Charles Rotblut, CFA is a vice president at AAII and editor of the AAII Journal. Follow him on Twitter at
Philip Tetlock is the Annenberg University Professor at the University of Pennsylvania and co-author with Dan Gardner of “Superforecasting: The Art and Science of Prediction” (Crown Publishers, 2015).


Pete Stoehr from NY posted about 1 year ago:

An excellent article. It mentions the efficient market theory in passing. I have always believed this theory to be a fallacy. Tetlock teaches me the technical names to describe why.
Efficient Market Theory is all epistemic, like Einstein. It assumes that each investor, presented with the same facts, will act the same. This ignores the investor's time frame and volatility tolerance (I do not equate volatility and risk. Sorry, Mr. Sharpe.), and other factors including investment style.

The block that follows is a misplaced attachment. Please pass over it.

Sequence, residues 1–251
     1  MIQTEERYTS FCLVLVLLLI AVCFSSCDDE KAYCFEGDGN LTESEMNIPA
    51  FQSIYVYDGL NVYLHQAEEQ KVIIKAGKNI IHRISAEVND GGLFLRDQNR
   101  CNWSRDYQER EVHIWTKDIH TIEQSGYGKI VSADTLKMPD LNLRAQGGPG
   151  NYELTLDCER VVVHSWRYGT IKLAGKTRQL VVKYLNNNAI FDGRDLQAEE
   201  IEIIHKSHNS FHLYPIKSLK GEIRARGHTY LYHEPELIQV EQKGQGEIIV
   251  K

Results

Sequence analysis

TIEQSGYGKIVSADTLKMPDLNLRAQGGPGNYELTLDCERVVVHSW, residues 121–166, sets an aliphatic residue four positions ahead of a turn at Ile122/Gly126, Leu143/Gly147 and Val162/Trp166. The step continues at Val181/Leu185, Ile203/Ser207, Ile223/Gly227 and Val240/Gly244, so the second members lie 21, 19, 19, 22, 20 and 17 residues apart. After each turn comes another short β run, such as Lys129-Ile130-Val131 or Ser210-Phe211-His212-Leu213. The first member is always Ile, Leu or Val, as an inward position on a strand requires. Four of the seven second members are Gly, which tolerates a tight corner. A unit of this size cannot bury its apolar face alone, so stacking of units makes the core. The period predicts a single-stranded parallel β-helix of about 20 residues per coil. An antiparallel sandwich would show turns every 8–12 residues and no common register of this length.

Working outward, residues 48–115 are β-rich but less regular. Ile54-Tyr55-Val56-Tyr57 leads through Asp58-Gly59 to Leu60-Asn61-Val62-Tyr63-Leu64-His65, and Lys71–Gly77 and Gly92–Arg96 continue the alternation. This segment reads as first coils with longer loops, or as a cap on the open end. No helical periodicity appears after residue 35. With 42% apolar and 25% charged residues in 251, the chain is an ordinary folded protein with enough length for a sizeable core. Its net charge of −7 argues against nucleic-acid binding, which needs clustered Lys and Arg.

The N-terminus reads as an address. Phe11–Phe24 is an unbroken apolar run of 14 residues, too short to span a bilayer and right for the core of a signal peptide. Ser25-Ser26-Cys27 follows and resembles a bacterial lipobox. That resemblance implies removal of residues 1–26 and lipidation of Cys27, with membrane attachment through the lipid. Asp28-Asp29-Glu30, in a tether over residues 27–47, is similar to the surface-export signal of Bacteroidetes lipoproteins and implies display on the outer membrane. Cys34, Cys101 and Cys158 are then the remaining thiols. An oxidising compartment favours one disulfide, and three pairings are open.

A momentum investor and a value investor will make different decisions even when presented with the same facts. Price is set by supply and demand through the auction process. In any auction, the winner "overpays" in the opinion of all other participants. Success is perhaps achieved by overpaying the least when buying. Efficient Market Theory can't handle this.
John Maynard Keynes likened investing to judging a beauty contest, except that the object was not to pick the most beautiful girl, but to pick the one the other judges would choose. Of course they are playing the same game. Again, this argues against efficient markets.
Remember "The race is not always to the swift, nor the battle to the strong, but that's the way to bet."

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